The rain that night had done a bad number on the upper elevations around Newfound Gap. Whatever leaves were clinging to the trees before it came were now ripped off with authority. There weren't any views from the various overlooks traveling through the park either. Down lower, the colors were still in decent shape, just a little soggy. As I made my way up the Blue Ridge Parkway, I managed to find one overlook with a view beneath the clouds. I could see the slopes extending from the Balsam Mountain range with patches of color. I also took notice of the fine color display in my immediate vicinity.
Now, the last time I made the drive along Balsam Mountain, it resulted in a great deal of frustration. I made sure to check both online and over the phone to find out if the road would idneed be open upon my arrival. Sure enough, the gate was wide open and inviting. The clouds still socked everything in, so there were no views at the moment. I didn't mind because the rain had ceased along with the wind. It was actually a neat experience to drive along a high mountain road through the clouds. The unpaved road was blanketed in shades of yellow and orange from the recently battered foliage.
A ways out, I came to the pull-off for the Spruce Mountain Trail. The park recognizes and maintains but a half mile of this trail. There used to be a firetower at its summit, but the path to get there has been left to nature. It also connects to the northern end of the Polls Gap Trail at a campsite, but that too is closed because of blowdowns and erosion. As short as this trail is, it doesn't shy away from gaining a chunk of elevation. About halfway up, I came to a point where the forest was in transition from summer to fall. If I looked downhill, the vegetation was entirely green and the path muddy. When I did a 180 degree turn and lookedu phill, the trees were suddenly bright with yellow and the ground was covered in a collage of colors. It was such a sharp and unique contrast in that one small pocket of the woods. When I scaled the ridge, there were a few junctions, the first one leading left and uphill to the old tower. I needed to at least go to the campsite which was a few tenths further. Before arriving there, I passed a sign describing the status of the Polls Gap Trail. Needless to say, my surroundings gave merit to the trail's closure because massive were down and tangled everywhere. It looked like a war zone to be honest. From what I could see, there were dozens of blowdowns and dense brush overtaking the forgotten trail. After visiting the campsite, I was interested in taking the old path up to the summit. There was a large blowdown at that junction as well, blocking the turn, but I could see past it and the trail was obvious. I was intrigued, so I decided to follow it. There was a lot of crawling, climbing, pushing, and pulling through all of the trees and saplings.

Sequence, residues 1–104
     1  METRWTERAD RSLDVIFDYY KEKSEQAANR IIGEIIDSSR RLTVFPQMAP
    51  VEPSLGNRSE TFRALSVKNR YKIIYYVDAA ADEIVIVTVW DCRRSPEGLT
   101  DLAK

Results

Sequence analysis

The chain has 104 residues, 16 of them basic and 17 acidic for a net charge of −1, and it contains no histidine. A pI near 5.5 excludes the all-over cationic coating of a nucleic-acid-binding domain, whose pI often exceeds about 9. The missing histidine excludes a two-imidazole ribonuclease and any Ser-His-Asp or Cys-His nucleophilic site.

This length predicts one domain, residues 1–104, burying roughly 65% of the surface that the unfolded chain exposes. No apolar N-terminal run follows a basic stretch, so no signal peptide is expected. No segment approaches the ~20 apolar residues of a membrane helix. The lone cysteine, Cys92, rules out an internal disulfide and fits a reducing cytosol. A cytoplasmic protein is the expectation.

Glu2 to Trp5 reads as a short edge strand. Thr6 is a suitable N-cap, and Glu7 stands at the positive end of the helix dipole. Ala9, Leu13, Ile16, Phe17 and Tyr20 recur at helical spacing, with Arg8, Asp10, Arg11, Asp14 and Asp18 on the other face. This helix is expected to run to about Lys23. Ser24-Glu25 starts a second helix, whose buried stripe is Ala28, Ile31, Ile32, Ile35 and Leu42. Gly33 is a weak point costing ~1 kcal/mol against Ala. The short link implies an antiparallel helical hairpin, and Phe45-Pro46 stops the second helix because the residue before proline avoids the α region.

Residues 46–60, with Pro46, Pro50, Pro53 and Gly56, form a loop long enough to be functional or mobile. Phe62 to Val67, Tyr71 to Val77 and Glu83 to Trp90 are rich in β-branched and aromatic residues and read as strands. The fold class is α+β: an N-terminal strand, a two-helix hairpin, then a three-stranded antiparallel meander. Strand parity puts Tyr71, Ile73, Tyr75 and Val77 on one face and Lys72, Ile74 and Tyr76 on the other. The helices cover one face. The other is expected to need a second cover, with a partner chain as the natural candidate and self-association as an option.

The trail continues to scale the gently sloping ridge of Ledge Bald. With all of the trees stripped of their leaves, the area appeared very open. A lot of light was shining in now, like it would in April and May when wildflowers bloom along the ground but the trees are yet to fill in. You could catch glimpses of nearby ridges and peaks through the trees. The entire bald on down to Beech Gap was covered thick in white snakeroot. It was no longer blooming, but I remember what it looked like at that very gap a month and half ago. You had to fight through it at points because it grew in so thick. Ledge Bald is rather extensive as it twists around the spine of Balsam Mountain. Not nearly as famous as the park's other maintained balds, but I still found it special.